The discovery of "found footage" is riding the pop culture zeitgeist these days, ranging from the surprise box office hit "The Devil Inside" to the popularity of the "Paranormal Activity" franchise.
The producers of ABC's "The River" are hoping to bring that same shaky feeling of jumpy and erratic camerawork that exposes strange doings to "The River," about a film crew that may have met a strange fate in the Amazon. One of the key producers of the series, which will premiere Feb. 7, is Oren Peli, who wrote, directed and produced the first "Paranormal Activity" film.
Peli said in a session promoting the series during the ABC portion of the Television Critics Assn. press tour that he first came up with the idea of a documentary film crew getting caught in the rain forest and a rescue mission trying to find them as a concept for a movie. After talking with Steven Spielberg and other producers, he reasoned that the concept might make a compelling television series.
But fellow executive producer Michael Green said that although the series is filmed in Hawaii and pivots on people who are lost and in a dangerous situation, it will not be similar to "Lost." The show will be more intent on scares and strange bumps in the night.
"Each episode will be its own horror movie," Green said. "There will also be longer arcs that will reward viewers who hang in there. But our inspiration is much more 'The X Files' than 'Lost.' "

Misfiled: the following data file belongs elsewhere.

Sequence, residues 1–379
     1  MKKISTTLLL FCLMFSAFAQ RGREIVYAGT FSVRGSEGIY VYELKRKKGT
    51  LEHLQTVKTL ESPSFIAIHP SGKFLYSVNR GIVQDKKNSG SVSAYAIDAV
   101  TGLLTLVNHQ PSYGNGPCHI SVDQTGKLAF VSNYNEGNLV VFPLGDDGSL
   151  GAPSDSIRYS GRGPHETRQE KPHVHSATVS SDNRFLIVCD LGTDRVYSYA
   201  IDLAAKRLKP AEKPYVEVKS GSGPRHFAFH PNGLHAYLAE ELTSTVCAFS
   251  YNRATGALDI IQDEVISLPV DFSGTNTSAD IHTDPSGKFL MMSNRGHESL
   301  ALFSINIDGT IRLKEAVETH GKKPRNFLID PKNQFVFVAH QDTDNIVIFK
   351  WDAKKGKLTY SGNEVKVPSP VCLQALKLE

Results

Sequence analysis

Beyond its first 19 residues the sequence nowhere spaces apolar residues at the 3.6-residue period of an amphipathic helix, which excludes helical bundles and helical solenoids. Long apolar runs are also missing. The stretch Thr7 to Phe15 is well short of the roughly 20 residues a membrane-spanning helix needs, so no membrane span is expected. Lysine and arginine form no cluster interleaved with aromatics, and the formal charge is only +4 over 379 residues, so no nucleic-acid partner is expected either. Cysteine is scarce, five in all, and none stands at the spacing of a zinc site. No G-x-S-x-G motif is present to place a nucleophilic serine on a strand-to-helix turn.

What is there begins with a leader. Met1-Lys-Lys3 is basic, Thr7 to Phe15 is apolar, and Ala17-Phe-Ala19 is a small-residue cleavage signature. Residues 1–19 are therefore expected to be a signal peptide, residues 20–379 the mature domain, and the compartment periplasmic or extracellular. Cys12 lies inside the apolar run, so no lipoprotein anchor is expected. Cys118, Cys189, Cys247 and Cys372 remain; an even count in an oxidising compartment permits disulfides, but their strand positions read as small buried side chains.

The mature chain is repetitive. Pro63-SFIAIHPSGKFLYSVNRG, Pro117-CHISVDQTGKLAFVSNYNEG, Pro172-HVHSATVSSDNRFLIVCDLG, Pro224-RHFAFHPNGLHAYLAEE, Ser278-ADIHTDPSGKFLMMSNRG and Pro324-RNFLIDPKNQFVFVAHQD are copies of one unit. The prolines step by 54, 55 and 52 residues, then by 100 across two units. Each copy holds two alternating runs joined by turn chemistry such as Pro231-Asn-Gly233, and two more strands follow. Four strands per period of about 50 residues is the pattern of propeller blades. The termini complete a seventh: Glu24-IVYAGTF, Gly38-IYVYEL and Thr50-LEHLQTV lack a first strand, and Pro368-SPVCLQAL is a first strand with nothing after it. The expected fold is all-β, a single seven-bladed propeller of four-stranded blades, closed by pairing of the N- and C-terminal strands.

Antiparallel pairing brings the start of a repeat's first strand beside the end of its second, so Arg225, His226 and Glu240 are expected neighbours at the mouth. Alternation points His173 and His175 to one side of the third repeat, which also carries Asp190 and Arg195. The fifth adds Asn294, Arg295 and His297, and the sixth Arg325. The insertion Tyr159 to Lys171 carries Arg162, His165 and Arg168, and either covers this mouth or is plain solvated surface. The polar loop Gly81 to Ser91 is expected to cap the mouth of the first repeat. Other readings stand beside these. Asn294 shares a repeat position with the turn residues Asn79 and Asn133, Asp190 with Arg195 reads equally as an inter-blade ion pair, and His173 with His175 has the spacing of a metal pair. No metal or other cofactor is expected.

"The River revolves around the disappearance of wildlife expert and TV personality Emmet Cole (Bruce Greenwood), who journeys around the world with his wife and son. When he goes missing deep in the Amazon, his family, friends and crew set off on what the producers call a "a dangerous and deadly journey" to locate him. They encounter weird happenings and unseen dangers.
Although the emphasis is on scares, Green said the key to unnerving viewers will be to make the characters relatable. "I asked the network how scary are you willing for me to go, and they said I could be as scary as you want as long as you care about the people."
Some of those characters may be put in dangerous situations that producers hinted might leave to their demise, making some of the performers wonder how long they might last on the show. Leslie Hope, who plays Cole's wife Terri, recalled how she thought she was pretty secure playing Keifer Sutherland's pregnant wife during the first season of "24," only to have her character get "stabbed in the gut" and killed in the season finale.
Zack Estrin, another executive producer, joked that because of that, Hope's character would be around "for 40 episodes."
-- Greg Braxton
Photo: Cast of "The River." Credit: ABC